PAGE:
Forty-two players wound up paying $1 million apiece to play in the second biennial Big One for One Drop, a three-day poker tournament at the Rio in Las Vegas. Already, the hugely remunerative contest -- widely considered the heavyweight championship of No-Limit Hold 'em -- has had some major surprises.
A few pros who were expected to play -- including online prodigy Tom Dwan and a pair of Chinese businessmen he plays with in Macau -- didn't show. Erick Lindgren, another pro who has experienced some deep financial setbacks in the past three years, surprised many reporters when he was introduced. It turned out he'd won a seat in a $25,000 satellite game just a few hours before.
One former participant, Los Angeles sports gambler Bobby Voulgaris, chose not to enter this year. "I don't really like Vegas," he told me, "and most of the players are better than me because they're playing No-Limit Hold 'em almost every day." He decided a better way to invest $1 million was to back other players in eight deals ranging from 10 percent to 15 percent. He mentioned several of the usual suspects, but he asked me not to reveal the details. "Just better to keep that stuff private."
One person he did not mention was Jean-Robert "Broke Living" Bellande, considered by many to be the least likely person to enter a $1 million event thanks to his profligate habits. Yet Bellande still managed to round up $750,000 worth of support and found a seat at the table.
It was to no one's surprise that David Einhorn, the poker-playing president of Greenlight Capital Inc., showed up right on time, wearing a baseball cap and fleece featuring the logo of the Robin Hood Foundation, the charity he's playing for. The random draw placed him at a table with four extremely tough pros (Max Altergott, Paul Newey, Sam Trickett and Vanessa Selbst) and one other businessman, John Morgan. The jovial Winmark Corp. executive had also pledged to donate his winnings to a charity, but he declined to name which one, lest they be disappointed if he loses. "Whether it's three-hundred or a million-dollar tournament, I always play bad," he joked, maybe hoping to lull his opponents to sleep.
One of the most dramatic hands of Day One came 45 minutes into the tournament. With the blinds at 3,000 and 6,000 tournament chips, Trickett -- an Englishman and a former professional soccer player forced into early retirement by a knee injury -- raised from the button to 18,000 chips. Einhorn, sitting in the small blind with pocket jacks, raised to 51,000. Trickett called, and both men looked on impassively as the three-card flop came 2-jack-6. When Einhorn bet 75,000, Trickett paused just long enough, riffling two stacks of orange chips, to look as though he might raise. He called.
The next card, known as the turn, was a 3. This time, Einhorn bet 175,000, and he seemed startled when Trickett raised him to 475,000. When he looked again at the 2-jack-6-3 board, Einhorn decided he must be facing an underset -- one of poker's dream scenarios, in which your opponent holds a three-of-a-kind of a smaller value than the one you hold -- so he raised to 775,000 to make sure Trickett would call. And he did.
The next card, called the river, was a queen. Einhorn bet around 1,000,000, Trickett raised all in and Einhorn called. He flipped up his jacks, not loving the queen but still expecting to win the huge pot. Then Trickett rolled over the decidedly bearish news: the 4 and 5 of clubs, for a well-disguised straight.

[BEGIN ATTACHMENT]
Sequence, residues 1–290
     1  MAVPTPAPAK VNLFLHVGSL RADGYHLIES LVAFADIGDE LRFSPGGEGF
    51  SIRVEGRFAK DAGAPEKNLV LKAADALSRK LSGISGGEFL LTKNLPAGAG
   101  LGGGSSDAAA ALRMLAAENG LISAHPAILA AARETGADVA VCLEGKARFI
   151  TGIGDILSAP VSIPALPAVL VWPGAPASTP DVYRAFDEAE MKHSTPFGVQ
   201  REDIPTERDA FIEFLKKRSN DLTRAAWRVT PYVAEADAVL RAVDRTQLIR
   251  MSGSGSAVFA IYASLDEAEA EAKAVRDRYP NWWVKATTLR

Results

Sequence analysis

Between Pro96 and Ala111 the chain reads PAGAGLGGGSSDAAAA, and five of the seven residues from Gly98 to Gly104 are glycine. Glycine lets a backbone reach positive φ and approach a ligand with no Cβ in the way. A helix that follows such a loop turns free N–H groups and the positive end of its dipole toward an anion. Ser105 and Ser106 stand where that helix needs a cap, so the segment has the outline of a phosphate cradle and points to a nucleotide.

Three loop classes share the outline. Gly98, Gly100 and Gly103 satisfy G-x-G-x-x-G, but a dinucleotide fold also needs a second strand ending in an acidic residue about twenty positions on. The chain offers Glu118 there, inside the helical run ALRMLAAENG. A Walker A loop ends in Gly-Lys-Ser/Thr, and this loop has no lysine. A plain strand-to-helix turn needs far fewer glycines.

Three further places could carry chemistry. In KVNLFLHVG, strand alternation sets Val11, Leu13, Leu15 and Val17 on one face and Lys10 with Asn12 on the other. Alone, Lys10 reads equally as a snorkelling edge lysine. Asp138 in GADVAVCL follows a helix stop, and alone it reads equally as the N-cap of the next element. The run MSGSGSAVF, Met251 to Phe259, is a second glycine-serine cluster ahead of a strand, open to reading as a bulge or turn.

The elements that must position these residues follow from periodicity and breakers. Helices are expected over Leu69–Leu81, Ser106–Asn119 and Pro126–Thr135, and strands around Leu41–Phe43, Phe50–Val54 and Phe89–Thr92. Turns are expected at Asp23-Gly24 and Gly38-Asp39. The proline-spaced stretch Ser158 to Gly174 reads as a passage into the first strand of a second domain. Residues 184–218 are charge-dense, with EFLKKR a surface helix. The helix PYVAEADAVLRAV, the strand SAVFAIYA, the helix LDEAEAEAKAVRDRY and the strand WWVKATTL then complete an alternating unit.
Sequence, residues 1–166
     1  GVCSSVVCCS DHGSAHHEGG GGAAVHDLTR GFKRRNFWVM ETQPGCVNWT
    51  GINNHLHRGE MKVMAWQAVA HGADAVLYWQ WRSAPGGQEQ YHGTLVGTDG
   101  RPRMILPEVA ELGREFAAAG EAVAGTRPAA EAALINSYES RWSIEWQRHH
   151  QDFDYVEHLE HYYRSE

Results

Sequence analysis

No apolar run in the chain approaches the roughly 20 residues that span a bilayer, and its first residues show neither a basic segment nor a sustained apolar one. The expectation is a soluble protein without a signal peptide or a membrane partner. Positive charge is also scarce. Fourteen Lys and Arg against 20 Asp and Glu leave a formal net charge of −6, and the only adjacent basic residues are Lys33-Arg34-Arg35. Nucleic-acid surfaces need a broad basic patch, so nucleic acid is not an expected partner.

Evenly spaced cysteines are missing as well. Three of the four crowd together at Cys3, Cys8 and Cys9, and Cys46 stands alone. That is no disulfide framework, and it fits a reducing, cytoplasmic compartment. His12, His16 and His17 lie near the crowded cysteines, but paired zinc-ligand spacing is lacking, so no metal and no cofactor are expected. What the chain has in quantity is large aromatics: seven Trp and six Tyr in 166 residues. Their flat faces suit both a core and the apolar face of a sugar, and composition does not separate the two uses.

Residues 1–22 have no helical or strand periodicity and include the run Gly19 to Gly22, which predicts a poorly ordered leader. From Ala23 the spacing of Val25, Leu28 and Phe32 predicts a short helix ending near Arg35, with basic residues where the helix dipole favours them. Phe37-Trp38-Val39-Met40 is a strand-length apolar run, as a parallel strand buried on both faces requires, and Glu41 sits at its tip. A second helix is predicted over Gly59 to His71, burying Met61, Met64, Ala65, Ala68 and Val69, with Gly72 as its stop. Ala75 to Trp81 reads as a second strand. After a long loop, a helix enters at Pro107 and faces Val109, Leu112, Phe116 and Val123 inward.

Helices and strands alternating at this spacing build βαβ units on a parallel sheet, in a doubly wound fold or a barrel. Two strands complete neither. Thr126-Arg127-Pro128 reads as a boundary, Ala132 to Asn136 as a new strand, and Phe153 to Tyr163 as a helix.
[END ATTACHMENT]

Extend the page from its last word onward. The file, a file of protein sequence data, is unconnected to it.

He had called Einhorn's 75,000 bet on the flop with only four outs, an almost ridiculously high-risk move, for a correspondingly lavish return. It looked like a classic donkey call with an inside straight draw, until one considered the implied odds their respective stacks were offering. Trickett had correctly assumed he could take the hedge-fund wizard's entire 3 million if he had indeed flopped the top set, so the 12-to-1 odds against hitting a 3 on the turn were justified by the approximately 40-to-1 implied odds should he hit one of the four treys. Because Trickett had raised before the flop, he knew it would be virtually impossible for his victim to put him on (or deduce he was holding) the 4-5.
When beginners call big bets with inside straight draws, we rightly slap our foreheads. But deep-stack tournament poker, in which only the last few survivors make any money, is a game of elaborate ambush as well as long odds. Even so, let's not avoid the obvious: Trickett also got very, very lucky, and Einhorn got, well, bubkes. A half hour later, he wrote on Twitter: "Ok. That didn't go well. First one out. Couldn't make it an hour. Tough hand. . . . Try again at the main event. :( "
Another surprise entrant was the comedian and frequent high-stakes winner Gabe Kaplan, who showed up four hours late. The night before, he reached the final table of a smaller ($100,000) event at the Bellagio. He'd been the chip leader with nine players left, even though not one of the others was half his age, and he made a few mistakes that he attributed to having played high-intensity poker for 16 straight hours at age 69. If he was going to be anywhere close to his best in the Big One, he desperately needed some more sleep.
As Day One was drawing to a close, Kaplan was holding his own, but the leaderboard was thoroughly dominated by young pros -- with Trickett out in front by roughly the size of the pot he had trapped Einhorn for.
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Corrects seating position of Sam Trickett in sixth paragraph and implied odds in ninth paragraph.
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